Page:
Love “The Queen’s Gambit”? Then You Might Like These 7 Places
“Your move.” – me to Expedia while searching for flight prices.
At this point, it’s no secret: The Queen’s Gambit on Netflix has been in the streaming platform’s “Top 10” since it debuted October 23. Based on a novel of the same name by Walter Tevis, the show chronicles the life of chess prodigy Beth Harmon (portrayed by Anya Taylor-Joy), from her time growing up in a Kentucky orphanage to her tournament experiences in places like Paris and St. Petersburg, as she strives to become a world champion. The limited series is simply stunning and utterly compelling, even if you haven’t the faintest idea of how to play the game (I’m personally still not confident that I can define Beth’s signature move, “The Queen’s Gambit”). Here are a few locations around the world to consider adding to your bucket list if the show inspired you to buy a chess set and/or travel.
Courtesy of Swiss Museum of Games
World Chess Hall of Fame
WHERE: St. Louis, Missouri
The World Chess Hall of Fame (WCHOF) is a nonprofit establishment—previously located in Miami, Florida—that strives to showcase chess as an art form. In addition to displaying quite a few chess sets previously owned by world champions, the museum’s current exhibits include “Power in Check,” which examines chess as seen through the eyes of American Presidents, and “Keith Haring: Radiant Gambit,” where you’ll be able to get eyes on a collection of bespoke street art chess sets, as well as works by the late pop art artist.
Fun Fact: Across the street from the WCHOF, you’ll find the Chess Club and Scholastic Center of St. Louis, which has held U.S. championships since 2009.
The Chess Hotel
If Beth Harmon could pick one hotel (in the world) to post up at for a long weekend, my bet is that The Chess Hotel in Paris would be in her top 10 list. Located near the Paris stock exchange, oak and marble is the hotel’s bread and butter (aesthetically speaking)—it touts a warm environment that, per the property’s website, invites guests to enjoy a game of chess by the fire. Also sporting a lobby floor with a checkerboard design (that’s carried over to many of the rooms’ bathroom tiles), there are details throughout The Chess Hotel that make it a one-of-kind stay for fans of the board game.
Courtesy of the Chess Hotel
The Swiss Museum of Games
WHERE: La Tour-de-Peilz, Switzerland
The castle of La Tour-de-Peilz in which the museum is housed was built in the 13th century (as a fortress!) and purchased in 1979 by the city of La Tour-de-Peilz; a trip here will no doubt be a treat for fans of architecture, as well. Aside from its permanent exhibitions that explore the complete histories of such games as playing cards, and, ahem, chess, The Swiss Museum of Games offers hour-long guided tours that will take you through “5,000 years of game history,” and also offers such pleasantries as team buildings exercises (for you and your coworkers!) and “Pub Evenings,” which come complete with a whiskey tasting and British games.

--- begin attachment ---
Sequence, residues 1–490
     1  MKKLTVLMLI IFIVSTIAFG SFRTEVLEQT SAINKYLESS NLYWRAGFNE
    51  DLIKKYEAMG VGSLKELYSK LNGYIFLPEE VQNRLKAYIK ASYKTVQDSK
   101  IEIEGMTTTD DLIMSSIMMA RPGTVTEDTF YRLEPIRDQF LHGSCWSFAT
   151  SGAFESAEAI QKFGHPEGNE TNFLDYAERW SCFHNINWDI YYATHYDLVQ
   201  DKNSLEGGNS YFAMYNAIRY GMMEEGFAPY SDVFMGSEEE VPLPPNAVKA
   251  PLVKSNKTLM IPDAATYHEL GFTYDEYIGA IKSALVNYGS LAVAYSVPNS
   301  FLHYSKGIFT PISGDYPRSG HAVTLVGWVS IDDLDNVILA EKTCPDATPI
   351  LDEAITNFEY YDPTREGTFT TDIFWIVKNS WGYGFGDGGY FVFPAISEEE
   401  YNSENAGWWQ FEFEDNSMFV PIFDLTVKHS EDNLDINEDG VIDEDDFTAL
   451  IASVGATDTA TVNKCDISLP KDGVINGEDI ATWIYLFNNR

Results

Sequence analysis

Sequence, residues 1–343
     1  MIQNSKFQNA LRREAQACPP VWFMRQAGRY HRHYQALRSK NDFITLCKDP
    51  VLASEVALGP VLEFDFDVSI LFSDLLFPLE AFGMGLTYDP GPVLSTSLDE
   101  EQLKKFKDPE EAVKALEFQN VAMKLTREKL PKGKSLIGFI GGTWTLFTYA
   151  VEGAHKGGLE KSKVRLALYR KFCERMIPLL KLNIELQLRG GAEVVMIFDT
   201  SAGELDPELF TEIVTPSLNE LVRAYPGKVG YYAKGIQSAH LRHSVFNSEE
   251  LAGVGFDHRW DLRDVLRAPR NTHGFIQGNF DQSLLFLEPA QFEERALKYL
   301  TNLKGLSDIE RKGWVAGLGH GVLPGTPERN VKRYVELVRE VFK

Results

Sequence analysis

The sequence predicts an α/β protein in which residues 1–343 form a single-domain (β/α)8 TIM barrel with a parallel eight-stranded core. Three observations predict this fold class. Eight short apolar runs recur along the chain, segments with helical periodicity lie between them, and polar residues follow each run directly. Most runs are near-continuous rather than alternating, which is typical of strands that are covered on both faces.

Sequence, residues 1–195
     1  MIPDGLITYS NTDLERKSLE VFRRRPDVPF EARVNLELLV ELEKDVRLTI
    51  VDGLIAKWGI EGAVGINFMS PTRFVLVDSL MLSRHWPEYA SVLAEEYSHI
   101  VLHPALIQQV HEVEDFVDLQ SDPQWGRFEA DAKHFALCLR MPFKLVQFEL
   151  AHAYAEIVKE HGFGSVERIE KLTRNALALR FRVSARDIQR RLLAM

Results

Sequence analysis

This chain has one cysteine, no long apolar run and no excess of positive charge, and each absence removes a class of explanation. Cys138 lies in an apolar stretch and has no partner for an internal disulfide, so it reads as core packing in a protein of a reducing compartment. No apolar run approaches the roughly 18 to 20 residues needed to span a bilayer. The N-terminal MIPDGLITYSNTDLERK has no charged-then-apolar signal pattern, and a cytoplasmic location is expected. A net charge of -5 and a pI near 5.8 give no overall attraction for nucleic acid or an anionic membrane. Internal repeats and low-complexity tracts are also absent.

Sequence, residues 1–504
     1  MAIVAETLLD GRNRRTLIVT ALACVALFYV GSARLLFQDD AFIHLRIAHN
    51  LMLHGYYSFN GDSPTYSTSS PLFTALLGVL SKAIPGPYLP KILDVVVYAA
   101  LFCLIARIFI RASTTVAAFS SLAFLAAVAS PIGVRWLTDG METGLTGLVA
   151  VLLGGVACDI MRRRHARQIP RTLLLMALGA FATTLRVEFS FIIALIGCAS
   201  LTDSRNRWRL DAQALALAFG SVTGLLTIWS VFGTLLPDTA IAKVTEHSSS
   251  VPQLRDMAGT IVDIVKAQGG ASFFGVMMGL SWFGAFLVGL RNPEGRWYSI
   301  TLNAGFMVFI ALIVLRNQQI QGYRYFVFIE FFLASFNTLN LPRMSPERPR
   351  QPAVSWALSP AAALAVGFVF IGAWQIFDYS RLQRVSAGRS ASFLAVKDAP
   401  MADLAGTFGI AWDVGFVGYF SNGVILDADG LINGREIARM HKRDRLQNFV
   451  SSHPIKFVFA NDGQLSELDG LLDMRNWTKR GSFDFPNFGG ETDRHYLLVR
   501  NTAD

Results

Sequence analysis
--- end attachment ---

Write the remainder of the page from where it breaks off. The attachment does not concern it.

Courtesy of Swiss Museum of Games
Washington Square Park
WHERE: New York City
It’s pretty tough to think of a more iconic chess-playing location than Washington Square Park, a vital part of Manhattan’s “chess district.” At the Park’s west end is an area called the Chess Plaza, which contains a multitude of game tables where players have been gathering to duel it out for decades; it’s even reported that chess prodigy Josh Waitzkin—the real-life hero behind the film Searching for Bobby Fischer —discovered the game here. For those looking to play, there’s typically a $5 buy-in; this will get you two games. After checking out a game head to the nearby Chess Forum, which sells a variety of boards, books, and other games.
Isle of Lewis
Scotland’s Isle of Lewis is breathtaking and full of historically-important sites. One of them is the beach Uig, where the oldest known chess set—made of walrus ivory—in the world was discovered in 1831. Buried mysteriously in a dune in a small stone chamber, historians have determined that the set, which features pieces that resemble humans, was likely made at some point in the 12th century in Norway. So, yes: Vikings played chess. Upon visiting, you’ll also find that several local shops, like Cornet’s Craft, have made sure to pay homage to the island’s famous set, which is now known around the world.
Fun Fact: The Isle of Lewis pieces are now on display at the British Museum.
4 season backpacking/Shutterstock
The Max Euwe Centrum (a.k.a. Chess Museum)
Positioned near the constantly-bustling Leidseplein, Amsterdam’s chess museum—or, the Max Euew Centrum—documents both the history of chess and tells the story of Amsterdam-native Max Euew, the fifth World Chess Champion (1935-1937). While the building does have a disturbing history—it was at one point a prison where Nazis tortured members of the Dutch resistance—it has since been transformed (and features a remembrance plaque honoring the former prisoners) into an establishment honoring the timeless strategy game, with the prison yard now containing a giant chessboard; individual and guided group tours are both available.
The Russian Chess Museum (a.k.a. the Central Chess House)
Previously the Soviet Supreme Court and a dormitory for political refugees before that, the property in which the Central Chess House sits—on Gogolevsky Boulevard—is a find in and of itself. Inside, you’ll discover one-of-a-kind chess sets from all over the planet, unique paintings that depict players mid-game, and a bevy of trophies. The establishment also offers a chess school for children and it holds weekly competitions for players who are looking to stay on their toes.